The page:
Wetlands are amongst Earth’s most dynamic and complex ecological resources, serving productive and biodiverse ecosystems. Enhancing the quality of wetland mapping through Earth observation (EO) data is essential for improving effective management and conservation practices. However, the achievement of reliable and accurate wetland [...] Read more.
Wetlands are amongst Earth’s most dynamic and complex ecological resources, serving productive and biodiverse ecosystems. Enhancing the quality of wetland mapping through Earth observation (EO) data is essential for improving effective management and conservation practices. However, the achievement of reliable and accurate wetland mapping faces challenges due to the heterogeneous and fragmented landscape of wetlands, along with spectral similarities among different wetland classes. The present study aims to produce advanced 10 m spatial resolution wetland classification maps for four pilot sites on the Island of Newfoundland in Canada. Employing a comprehensive and multidisciplinary approach, this research leverages the synergistic use of optical, synthetic aperture radar (SAR), and light detection and ranging (LiDAR) data. It focuses on ecological and hydrological interpretation using multi-source and multi-sensor EO data to evaluate their effectiveness in identifying wetland classes. The diverse data sources include Sentinel-1 and -2 satellite imagery, Global Ecosystem Dynamics Investigation (GEDI) LiDAR footprints, the Multi-Error-Removed Improved-Terrain (MERIT) Hydro dataset, and the European ReAnalysis (ERA5) dataset. Elevation data and topographical derivatives, such as slope and aspect, were also included in the analysis. The study evaluates the added value of incorporating these new data sources into wetland mapping. Using the Google Earth Engine (GEE) platform and the Random Forest (RF) model, two main objectives are pursued: (1) integrating the GEDI LiDAR footprint heights with multi-source datasets to generate a 10 m vegetation canopy height (VCH) map and (2) seeking to enhance wetland mapping by utilizing the VCH map as an input predictor. Results highlight the significant role of the VCH variable derived from GEDI samples in enhancing wetland classification accuracy, as it provides a vertical profile of vegetation. Accordingly, VCH reached the highest accuracy with a coefficient of determination (R2) of 0.69, a root-mean-square error (RMSE) of 1.51 m, and a mean absolute error (MAE) of 1.26 m. Leveraging VCH in the classification procedure improved the accuracy, with a maximum overall accuracy of 93.45%, a kappa coefficient of 0.92, and an F1 score of 0.88. This study underscores the importance of multi-source and multi-sensor approaches incorporating diverse EO data to address various factors for effective wetland mapping. The results are expected to benefit future wetland mapping studies. Full article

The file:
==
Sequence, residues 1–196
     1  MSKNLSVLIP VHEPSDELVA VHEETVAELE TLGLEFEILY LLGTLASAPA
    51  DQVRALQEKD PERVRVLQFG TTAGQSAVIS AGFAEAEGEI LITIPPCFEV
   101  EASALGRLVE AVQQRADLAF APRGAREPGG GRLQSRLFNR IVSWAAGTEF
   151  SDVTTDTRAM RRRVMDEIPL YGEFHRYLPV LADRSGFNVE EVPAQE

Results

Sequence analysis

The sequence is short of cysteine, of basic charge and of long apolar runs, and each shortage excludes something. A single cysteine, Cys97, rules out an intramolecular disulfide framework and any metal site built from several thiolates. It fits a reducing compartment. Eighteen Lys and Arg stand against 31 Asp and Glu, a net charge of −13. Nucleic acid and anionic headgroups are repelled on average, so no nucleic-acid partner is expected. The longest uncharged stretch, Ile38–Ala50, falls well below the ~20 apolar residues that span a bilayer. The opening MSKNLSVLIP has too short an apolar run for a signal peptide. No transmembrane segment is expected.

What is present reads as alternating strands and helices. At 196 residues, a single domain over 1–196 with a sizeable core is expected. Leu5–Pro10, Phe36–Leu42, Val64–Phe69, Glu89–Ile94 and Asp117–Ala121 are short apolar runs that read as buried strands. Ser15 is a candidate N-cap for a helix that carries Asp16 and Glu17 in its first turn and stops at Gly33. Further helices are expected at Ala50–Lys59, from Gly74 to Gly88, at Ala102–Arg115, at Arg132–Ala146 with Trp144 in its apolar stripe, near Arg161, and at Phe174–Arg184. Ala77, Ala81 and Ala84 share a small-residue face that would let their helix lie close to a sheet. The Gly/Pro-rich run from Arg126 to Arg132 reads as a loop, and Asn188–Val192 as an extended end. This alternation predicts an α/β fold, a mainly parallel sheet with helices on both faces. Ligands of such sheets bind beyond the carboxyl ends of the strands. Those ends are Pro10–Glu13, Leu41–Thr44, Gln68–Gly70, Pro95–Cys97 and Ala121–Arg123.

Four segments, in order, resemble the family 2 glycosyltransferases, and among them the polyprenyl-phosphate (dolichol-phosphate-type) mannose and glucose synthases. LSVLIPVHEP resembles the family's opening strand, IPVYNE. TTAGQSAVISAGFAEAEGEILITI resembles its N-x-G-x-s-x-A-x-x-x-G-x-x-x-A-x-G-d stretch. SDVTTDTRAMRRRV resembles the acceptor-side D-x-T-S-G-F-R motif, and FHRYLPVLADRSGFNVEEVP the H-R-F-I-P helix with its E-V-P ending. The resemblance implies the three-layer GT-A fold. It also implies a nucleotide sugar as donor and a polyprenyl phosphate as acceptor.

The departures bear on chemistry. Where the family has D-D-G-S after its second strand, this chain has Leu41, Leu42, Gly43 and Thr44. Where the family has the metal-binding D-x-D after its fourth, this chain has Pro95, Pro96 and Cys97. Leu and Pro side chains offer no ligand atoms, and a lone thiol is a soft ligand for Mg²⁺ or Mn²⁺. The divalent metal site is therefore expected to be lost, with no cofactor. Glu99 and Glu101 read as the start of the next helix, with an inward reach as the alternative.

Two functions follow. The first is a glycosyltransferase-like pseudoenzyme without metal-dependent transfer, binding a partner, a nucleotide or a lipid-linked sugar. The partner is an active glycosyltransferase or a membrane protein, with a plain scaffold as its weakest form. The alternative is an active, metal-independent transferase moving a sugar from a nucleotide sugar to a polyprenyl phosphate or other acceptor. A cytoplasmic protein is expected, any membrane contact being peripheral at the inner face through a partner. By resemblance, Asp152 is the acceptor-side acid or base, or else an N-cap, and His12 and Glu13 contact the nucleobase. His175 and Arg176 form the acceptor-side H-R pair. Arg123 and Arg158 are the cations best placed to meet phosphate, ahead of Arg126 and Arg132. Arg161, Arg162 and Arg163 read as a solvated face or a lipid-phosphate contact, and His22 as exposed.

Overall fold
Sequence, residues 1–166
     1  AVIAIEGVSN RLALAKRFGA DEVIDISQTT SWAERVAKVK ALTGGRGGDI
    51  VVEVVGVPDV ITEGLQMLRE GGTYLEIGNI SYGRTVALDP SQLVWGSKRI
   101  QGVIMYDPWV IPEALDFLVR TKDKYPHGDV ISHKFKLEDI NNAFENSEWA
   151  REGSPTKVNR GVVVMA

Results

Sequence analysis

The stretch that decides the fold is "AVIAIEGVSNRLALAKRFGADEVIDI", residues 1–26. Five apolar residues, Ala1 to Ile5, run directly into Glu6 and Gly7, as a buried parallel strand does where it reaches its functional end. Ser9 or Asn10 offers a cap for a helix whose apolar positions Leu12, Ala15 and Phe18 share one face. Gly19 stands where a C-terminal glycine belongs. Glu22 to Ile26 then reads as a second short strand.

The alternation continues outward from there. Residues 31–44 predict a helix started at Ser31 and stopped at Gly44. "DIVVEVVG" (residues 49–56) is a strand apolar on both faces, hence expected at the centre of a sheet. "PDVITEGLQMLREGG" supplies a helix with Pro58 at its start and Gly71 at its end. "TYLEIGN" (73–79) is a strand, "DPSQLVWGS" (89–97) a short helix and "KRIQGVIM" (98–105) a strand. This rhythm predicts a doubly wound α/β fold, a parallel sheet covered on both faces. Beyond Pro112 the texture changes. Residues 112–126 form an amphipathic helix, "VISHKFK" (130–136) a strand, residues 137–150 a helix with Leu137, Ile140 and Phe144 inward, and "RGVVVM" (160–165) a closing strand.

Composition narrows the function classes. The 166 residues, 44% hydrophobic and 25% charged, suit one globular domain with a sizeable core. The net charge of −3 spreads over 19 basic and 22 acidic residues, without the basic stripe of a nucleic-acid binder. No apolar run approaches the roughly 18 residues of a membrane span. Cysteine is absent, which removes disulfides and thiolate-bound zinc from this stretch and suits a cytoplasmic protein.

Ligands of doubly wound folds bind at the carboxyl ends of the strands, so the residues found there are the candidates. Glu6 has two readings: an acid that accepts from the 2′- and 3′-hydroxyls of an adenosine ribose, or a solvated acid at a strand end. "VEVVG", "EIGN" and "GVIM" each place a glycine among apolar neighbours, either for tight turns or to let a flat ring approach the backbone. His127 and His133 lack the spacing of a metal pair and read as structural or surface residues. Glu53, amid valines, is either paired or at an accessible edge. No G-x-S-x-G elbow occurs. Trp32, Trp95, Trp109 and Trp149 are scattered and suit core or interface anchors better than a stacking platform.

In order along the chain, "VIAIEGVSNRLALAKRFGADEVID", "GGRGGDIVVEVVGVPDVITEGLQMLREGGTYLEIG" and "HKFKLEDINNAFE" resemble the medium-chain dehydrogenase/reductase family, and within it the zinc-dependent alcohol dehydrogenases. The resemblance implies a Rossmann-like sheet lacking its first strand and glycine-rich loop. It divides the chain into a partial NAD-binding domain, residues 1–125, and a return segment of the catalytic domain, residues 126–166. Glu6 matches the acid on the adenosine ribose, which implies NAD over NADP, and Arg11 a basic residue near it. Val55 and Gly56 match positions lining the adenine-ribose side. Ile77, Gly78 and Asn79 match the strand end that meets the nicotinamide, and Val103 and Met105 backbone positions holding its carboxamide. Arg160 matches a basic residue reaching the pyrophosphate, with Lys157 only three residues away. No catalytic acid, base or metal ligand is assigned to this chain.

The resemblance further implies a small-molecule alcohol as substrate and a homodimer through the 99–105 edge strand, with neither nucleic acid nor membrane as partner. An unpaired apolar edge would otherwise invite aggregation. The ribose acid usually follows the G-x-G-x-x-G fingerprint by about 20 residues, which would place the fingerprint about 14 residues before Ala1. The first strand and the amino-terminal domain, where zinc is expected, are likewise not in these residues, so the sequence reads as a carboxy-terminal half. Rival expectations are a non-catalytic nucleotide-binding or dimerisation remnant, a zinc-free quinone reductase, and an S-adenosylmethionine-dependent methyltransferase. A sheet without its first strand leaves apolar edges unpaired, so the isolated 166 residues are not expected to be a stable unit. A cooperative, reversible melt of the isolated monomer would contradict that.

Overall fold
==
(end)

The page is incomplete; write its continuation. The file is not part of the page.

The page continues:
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Review

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24 pages, 16727 KiB  
Review
Bibliometric Analysis of Weather Radar Research from 1945 to 2024: Formations, Developments, and Trends
by Yin Liu
Sensors 2024, 24(11), 3531; https://doi.org/10.3390/s24113531 - 30 May 2024
Viewed by 468
Abstract
In the development of meteorological detection technology and services, weather radar undoubtedly plays a pivotal role, especially in the monitoring and early warning of severe convective weather events, where it serves an irreplaceable function. This research delves into the landscape of weather radar [...] Read more.
In the development of meteorological detection technology and services, weather radar undoubtedly plays a pivotal role, especially in the monitoring and early warning of severe convective weather events, where it serves an irreplaceable function. This research delves into the landscape of weather radar research from 1945 to 2024, employing scientometric methods to investigate 13,981 publications from the Web of Science (WoS) core collection database. This study aims to unravel, for the first time, the foundational structures shaping the knowledge domain of weather radar over an 80-year period, exploring general features, collaboration, co-citation, and keyword co-occurrence. Key findings reveal a significant surge in both publications and citations post-1990, peaking in 2022 with 1083 publications and 13832 citations, signaling sustained growth and interest in the field after a period of stagnation. The United States, China, and European countries emerge as key drivers of weather radar research, with robust international collaboration playing a pivotal role in the field’s rapid evolution. Analysis uncovers 30 distinct co-citation clusters, showcasing the progression of weather radar knowledge structures. Notably, deep learning emerges as a dynamic cluster, garnering attention and yielding substantial outcomes in contemporary research efforts. Over eight decades, the focus of weather radar investigations has transitioned from hardware and software enhancements to Artificial Intelligence (AI) technology integration and multifunctional applications across diverse scenarios. This study identifies four key areas for future research: leveraging AI technology, advancing all-weather observation techniques, enhancing system refinement, and fostering networked collaborative observation technologies. This research endeavors to support academics by offering an in-depth comprehension of the progression of weather radar research. The findings can be a valuable resource for scholars in efficiently locating pertinent publications and journals. Furthermore, policymakers can rely on the insights gleaned from this study as a well-organized reference point. Full article